A further problem is that powerful interests will always exaggerate the impact of their interventions. For example, Wildlife Works Carbon, a private REDD+ project implementer in the Democratic Republic of Congo (DRC), sold credits on voluntary carbon markets even though it could not access a third of its concession due to local opposition to the project.
Inflated and inaccurate baselines
The FCPF has no clear rules for how baselines for deforestation levels should be created. In large jurisdictional REDD+ programmes there will inevitably be large differences in the processes driving deforestation and degradation in different parts of the jurisdiction, and hence one baseline cannot be appropriate for all of them.
This is certainly the case with the Mai Ndombe REDD+ programme in the DRC. The area closest to Kinshasa might well use Bas Congo, where deforestation is high, as a reference area but somewhere in the north-east or south-east of the province, where deforestation is low, should not. Hence, in Mai Ndombe, on average, baselines are hugely inflated because it is completely inconceivable that most of the province would, in the absence of a REDD+ project, experience deforestation similar to the rate in areas surrounding Kinshasa.
Similarly, Brazil’s Forest Reference Emission Level used to calculate the country’s allotted REDD+ results-based payments is based on peak levels of historical deforestation during the years 1996 to 2010 when deforestation reached 19,000 km2 per year. Today, deforestation rates are closer to 10,000 km2 having risen from 8,000km2 since Bolsonaro came to power.  Hence, deforestation is now increasing but Brazil is still eligible to receive REDD+ results-based payments under their baseline.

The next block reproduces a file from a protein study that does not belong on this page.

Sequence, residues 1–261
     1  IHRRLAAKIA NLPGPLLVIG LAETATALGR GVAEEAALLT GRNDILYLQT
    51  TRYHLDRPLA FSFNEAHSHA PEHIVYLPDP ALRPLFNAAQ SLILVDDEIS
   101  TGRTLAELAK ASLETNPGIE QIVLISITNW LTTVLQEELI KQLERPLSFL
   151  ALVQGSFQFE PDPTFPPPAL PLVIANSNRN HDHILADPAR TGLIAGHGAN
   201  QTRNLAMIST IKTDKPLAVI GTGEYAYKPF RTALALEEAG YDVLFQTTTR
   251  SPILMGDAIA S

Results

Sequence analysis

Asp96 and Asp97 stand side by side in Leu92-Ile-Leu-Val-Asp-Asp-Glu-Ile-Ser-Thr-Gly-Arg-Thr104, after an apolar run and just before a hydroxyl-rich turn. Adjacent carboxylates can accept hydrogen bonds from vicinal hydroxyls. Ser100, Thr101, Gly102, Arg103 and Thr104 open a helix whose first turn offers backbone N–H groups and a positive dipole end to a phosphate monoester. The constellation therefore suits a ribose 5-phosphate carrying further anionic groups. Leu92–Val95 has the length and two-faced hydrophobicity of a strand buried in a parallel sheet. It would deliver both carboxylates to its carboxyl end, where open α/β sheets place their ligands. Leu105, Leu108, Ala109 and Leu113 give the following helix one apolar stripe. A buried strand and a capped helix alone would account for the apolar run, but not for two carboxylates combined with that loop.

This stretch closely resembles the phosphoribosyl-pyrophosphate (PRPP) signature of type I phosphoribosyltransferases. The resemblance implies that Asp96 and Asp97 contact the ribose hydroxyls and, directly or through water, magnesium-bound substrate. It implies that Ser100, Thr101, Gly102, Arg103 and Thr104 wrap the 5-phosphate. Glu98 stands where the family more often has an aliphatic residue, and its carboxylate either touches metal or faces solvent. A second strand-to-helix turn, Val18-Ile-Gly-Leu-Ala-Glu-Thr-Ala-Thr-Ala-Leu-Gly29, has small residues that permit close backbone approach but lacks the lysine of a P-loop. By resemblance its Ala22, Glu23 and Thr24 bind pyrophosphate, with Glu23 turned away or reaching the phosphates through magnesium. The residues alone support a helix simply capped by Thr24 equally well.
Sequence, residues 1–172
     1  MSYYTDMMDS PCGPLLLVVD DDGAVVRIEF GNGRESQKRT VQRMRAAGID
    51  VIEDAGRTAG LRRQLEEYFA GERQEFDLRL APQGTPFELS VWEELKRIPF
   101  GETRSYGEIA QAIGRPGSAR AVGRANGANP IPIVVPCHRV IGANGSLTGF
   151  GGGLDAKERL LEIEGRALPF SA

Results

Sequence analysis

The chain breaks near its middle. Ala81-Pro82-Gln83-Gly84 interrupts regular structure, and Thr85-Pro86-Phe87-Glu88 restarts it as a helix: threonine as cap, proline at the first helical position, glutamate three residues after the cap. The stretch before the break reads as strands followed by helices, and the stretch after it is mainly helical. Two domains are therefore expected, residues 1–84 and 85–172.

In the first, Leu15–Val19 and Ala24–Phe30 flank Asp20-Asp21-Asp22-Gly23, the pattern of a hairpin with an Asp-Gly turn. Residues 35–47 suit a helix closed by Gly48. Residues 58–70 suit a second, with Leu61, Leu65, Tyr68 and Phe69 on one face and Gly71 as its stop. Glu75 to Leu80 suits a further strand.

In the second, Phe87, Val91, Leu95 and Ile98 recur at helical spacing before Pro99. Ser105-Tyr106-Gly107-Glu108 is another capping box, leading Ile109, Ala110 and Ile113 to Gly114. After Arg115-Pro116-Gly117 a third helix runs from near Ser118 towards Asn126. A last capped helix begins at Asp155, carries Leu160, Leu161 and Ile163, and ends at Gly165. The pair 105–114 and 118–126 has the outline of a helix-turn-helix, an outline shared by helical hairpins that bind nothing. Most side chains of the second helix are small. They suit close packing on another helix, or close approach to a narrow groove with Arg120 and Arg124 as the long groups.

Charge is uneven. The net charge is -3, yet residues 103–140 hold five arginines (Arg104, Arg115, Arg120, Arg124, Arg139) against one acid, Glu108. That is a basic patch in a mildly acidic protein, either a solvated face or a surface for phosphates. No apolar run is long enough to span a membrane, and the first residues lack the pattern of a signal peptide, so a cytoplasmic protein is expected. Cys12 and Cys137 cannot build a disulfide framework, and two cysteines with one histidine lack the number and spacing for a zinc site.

Quantification, monitoring, reporting and verification
The FCPF has been consistently unable to meet its own conditions for safeguards, monitoring, reporting, and quantification. After twelve years of implementation and millions of dollars invested (much of which has gone on overheads), the FCPF cannot point to a single gram of carbon saved. In order to meet deadlines, the FCPF has invariably diluted or ignored its rules, such as having to extend the lifetime of the Readiness Fund or signing Emission Reduction Payment Agreements before a final benefit-sharing plan has been agreed to. In short, there is no proof of concept.